When a group of students hung around after Professor Ralph Young’s class on September 12th, 2001, he said, he couldn’t have foreseen that their animated discussion on U.S. foreign policy would eventually turn into what is now his “teach-in” program.
Yesterday, Sept. 9, in Anderson Hall, that program came full circle as it marked its 10th year of informing and involving students in discussion and debate.
Friday’s teach-in, entitled “9/11 and Muslims in America: 10 Years After,” offered students a chance to hear from two of their fellow Temple students on growing up Muslim in a post-9/11 America.
“We’re here because we want everyone to know that the effects of that day are still very prevalent in U.S. Society,” said Sara Khan, a junior journalism major and a leader of the program. “I grew up with the idea of America being this melting pot, it’s just shocking to see that an ‘American’ has a certain race, a certain religion, and I don’t necessarily fit into that.”
Khan’s sentiments were echoed by fellow presenter Wafai Dias, also a junior journalism major.
In eighth grade, Dias said, her class watched a video on the attacks of 9/11.
“A kid turned around and said to me, ‘Do you see what your people did? Do you see what your relatives did?’” Dias said.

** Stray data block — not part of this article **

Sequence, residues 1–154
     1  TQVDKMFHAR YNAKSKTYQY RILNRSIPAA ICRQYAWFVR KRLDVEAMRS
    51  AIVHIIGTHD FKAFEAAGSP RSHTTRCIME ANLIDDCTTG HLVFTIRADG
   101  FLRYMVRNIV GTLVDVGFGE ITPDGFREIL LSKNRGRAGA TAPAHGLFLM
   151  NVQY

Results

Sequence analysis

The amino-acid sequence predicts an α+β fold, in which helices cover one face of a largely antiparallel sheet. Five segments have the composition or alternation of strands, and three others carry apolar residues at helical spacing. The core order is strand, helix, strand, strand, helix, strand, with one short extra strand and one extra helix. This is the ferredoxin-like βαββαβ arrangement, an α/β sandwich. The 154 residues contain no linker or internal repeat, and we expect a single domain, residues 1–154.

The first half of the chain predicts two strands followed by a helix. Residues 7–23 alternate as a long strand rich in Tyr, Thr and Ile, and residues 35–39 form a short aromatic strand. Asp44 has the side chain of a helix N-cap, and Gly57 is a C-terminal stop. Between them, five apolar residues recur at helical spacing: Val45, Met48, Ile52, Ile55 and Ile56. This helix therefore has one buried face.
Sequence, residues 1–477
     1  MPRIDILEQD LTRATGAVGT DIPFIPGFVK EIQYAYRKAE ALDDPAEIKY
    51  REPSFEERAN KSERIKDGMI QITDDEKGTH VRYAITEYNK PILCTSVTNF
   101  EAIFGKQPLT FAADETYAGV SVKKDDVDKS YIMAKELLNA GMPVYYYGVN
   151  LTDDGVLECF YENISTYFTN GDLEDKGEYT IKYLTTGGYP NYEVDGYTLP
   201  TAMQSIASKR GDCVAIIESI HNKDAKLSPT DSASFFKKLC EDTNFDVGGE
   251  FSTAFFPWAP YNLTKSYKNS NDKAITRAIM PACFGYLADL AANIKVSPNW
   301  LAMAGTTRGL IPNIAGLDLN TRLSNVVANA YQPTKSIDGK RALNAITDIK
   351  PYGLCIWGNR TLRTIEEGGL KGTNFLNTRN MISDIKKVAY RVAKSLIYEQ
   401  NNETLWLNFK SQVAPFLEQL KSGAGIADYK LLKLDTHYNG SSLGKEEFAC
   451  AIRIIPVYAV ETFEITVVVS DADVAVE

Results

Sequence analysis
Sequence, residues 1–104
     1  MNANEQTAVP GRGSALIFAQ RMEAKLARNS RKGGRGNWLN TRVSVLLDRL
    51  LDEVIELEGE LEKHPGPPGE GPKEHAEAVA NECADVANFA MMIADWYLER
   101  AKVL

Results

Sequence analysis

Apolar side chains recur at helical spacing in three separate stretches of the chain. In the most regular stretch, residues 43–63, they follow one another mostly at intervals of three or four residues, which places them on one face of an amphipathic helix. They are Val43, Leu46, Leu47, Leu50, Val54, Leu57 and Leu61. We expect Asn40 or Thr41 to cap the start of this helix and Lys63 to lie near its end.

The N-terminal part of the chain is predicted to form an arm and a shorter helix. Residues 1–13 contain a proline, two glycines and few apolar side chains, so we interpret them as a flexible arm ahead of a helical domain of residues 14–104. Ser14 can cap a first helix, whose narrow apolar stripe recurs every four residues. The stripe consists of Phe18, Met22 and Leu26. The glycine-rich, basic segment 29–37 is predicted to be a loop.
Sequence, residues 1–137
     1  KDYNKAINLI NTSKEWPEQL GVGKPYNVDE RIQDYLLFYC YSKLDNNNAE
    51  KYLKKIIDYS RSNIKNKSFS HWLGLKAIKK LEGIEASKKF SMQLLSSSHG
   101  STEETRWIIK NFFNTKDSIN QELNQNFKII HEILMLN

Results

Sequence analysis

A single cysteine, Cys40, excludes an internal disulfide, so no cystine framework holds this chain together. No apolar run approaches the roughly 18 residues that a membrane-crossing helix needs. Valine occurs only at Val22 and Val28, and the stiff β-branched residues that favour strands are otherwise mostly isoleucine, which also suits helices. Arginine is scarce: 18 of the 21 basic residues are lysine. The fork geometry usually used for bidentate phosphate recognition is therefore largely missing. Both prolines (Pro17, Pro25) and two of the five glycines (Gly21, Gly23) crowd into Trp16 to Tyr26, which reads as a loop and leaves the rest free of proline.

From Dias’ and Khan’s accounts of childhood discriminations, attending students were able to get a small glimpse into the hardships of growing up Muslim in a post-9/11 world.
Khan and Dias said “get the hell out of this country,” to “aren’t you related to Osama Bin Laden?” are just two of a number of everyday slurs thrown at Muslim youth.
Brianna Walls, a junior psychology major, came to the teach-in in the hopes of hearing a different perspective.
“I don’t know many Muslim people,” Walls said. “I wanted to learn their views and how they felt after 9/11.”
Emily Fetters, also a junior psychology major, agreed with Walls’s sentiments and said she was also impressed with the presenters’ chemistry.
Despite different post-9/11 experiences, and variations in their beliefs, Khan and Dias put forth a unified front for the audience.
“It was interesting that [Khan and Dias] were very different,” Fetters said. “But they came together to talk about this to us.”
Their efforts left a lasting impression on student Sara Attia, a sophomore social work major.
“Wafai said she was at a rally when she realized that hate is hate,” Attia said. “It made me realize: There are so many people out there that don’t hate, but the people that do hate stick out to us.”
Both Khan and Dias said they were grateful for the opportunity to share their stories with their fellow students.
“I want people to know that there are little kids in school being discriminated against,” Dias said. “I want people to think about that, about what these students have to deal with.”
Khan further urged her fellow students to fight the discrimination and prejudices that still remain in post-9/11 America.
“Before you label someone, it’s very necessary to make sure you know who they are,” Khan said. “The best way to beat prejudice is to educate oneself.”
Ali Watkins can be reached at firstname.lastname@example.org.